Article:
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Had he written The Psychology of Radio by that time? Is that his book?
Did he write that book?
I thought he collaborated on that, but maybe I'm wrong.
At any rate, he was on the fringes of sociological research about radio and I believe
at that time he was at Dartmouth. And then there was an APA meeting at Dartmouth,
American Psychological Association convention at Hanover, and I went to the meeting, met
Cantril there, and we got talking about what he was interested in and what I was interested
in. And Hadley was -- we were about the same age -- he might have been a year older, I'm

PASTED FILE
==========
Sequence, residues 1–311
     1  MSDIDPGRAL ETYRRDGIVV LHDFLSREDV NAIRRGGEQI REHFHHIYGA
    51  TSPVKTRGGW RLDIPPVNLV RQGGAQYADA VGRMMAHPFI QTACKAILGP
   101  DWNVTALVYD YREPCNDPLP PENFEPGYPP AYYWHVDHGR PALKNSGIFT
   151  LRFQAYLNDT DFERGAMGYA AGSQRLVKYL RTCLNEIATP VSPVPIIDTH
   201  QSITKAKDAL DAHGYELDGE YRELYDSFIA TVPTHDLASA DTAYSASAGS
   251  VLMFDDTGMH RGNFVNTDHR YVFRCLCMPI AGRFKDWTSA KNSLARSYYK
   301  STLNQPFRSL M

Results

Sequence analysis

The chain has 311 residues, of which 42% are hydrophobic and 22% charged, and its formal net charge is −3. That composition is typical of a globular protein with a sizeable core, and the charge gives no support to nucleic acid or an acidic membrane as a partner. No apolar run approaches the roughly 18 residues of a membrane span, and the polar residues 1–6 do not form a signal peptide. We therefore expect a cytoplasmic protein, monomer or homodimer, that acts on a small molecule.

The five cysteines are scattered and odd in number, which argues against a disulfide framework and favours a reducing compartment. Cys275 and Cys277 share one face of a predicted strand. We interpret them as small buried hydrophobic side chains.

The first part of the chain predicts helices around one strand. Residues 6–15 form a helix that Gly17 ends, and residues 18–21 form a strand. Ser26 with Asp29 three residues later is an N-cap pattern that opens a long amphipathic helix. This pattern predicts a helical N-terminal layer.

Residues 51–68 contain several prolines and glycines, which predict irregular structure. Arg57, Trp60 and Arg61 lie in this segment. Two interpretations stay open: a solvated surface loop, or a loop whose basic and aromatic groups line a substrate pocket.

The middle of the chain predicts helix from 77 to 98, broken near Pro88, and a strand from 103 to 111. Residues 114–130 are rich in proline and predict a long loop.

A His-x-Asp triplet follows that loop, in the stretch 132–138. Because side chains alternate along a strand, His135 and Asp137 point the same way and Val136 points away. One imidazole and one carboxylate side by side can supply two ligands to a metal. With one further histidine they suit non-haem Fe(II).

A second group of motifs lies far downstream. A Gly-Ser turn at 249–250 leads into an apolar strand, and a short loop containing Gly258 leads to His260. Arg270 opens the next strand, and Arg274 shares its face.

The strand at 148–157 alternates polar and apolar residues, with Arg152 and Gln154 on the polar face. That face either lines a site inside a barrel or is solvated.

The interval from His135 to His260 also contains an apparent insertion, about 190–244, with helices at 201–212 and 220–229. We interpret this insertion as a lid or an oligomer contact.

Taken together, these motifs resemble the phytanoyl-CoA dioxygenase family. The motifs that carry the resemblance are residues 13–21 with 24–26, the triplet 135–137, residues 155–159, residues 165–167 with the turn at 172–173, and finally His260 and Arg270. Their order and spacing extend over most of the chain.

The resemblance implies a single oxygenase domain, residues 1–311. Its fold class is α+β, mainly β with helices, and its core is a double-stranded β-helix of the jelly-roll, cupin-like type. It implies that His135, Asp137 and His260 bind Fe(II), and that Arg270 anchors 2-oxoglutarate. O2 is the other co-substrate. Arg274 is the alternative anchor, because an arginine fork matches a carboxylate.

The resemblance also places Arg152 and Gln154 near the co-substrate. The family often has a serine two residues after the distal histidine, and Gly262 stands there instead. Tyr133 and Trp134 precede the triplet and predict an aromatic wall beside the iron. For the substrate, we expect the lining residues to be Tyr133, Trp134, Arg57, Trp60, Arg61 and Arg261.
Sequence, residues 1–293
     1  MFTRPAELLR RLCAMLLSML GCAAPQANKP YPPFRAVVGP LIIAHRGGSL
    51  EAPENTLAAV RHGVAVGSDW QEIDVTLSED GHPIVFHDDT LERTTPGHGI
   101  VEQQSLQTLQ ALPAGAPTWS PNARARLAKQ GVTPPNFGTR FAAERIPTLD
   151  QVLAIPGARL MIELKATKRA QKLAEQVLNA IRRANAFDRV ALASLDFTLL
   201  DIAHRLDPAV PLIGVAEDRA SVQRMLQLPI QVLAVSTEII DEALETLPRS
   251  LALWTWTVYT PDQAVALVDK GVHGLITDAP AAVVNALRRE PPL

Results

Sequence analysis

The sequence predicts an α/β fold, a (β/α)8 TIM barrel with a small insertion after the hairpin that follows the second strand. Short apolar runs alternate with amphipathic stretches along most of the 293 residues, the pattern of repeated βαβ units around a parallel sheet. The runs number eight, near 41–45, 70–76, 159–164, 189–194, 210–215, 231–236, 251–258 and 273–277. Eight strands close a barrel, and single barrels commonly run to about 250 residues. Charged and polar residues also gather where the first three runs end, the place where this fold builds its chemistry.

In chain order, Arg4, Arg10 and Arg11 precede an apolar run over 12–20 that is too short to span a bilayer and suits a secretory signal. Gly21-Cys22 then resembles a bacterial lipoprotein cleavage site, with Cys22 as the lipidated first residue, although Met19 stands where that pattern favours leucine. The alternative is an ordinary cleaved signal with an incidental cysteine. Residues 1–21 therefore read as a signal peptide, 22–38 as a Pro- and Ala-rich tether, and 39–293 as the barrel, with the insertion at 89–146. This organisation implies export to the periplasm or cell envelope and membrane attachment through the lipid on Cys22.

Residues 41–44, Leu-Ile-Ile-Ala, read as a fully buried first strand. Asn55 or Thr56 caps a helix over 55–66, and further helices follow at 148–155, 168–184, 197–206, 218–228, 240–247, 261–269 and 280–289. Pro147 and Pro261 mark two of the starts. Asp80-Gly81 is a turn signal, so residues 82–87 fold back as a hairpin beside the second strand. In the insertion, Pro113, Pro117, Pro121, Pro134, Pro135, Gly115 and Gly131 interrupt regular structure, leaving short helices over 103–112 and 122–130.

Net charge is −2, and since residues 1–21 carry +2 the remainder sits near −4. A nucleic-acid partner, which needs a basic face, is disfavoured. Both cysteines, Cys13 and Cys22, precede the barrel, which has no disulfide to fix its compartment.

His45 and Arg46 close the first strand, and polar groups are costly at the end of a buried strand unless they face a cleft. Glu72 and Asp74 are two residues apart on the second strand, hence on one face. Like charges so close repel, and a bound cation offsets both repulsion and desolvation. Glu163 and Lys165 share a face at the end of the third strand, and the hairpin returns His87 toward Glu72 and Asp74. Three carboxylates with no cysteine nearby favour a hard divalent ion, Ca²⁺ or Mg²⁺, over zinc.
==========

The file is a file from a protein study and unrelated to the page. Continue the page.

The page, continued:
not sure. But a friendship, rather a professional friendship started there, and we stayed in
touch. He moved to Columbia and while he was at Columbia, we, in a series of social
meetings, came up with the idea that the technologies for research left something to be
desired. Because all we were really doing in the industry at that time was to count noses:
we knew how many but we didn't know much about them. And I was interested in getting
more information about why people did things and attitudes and reactions and so forth and
so was Hadley.
I couldn't get CBS to underwrite much in the way of that kind of experimentation because
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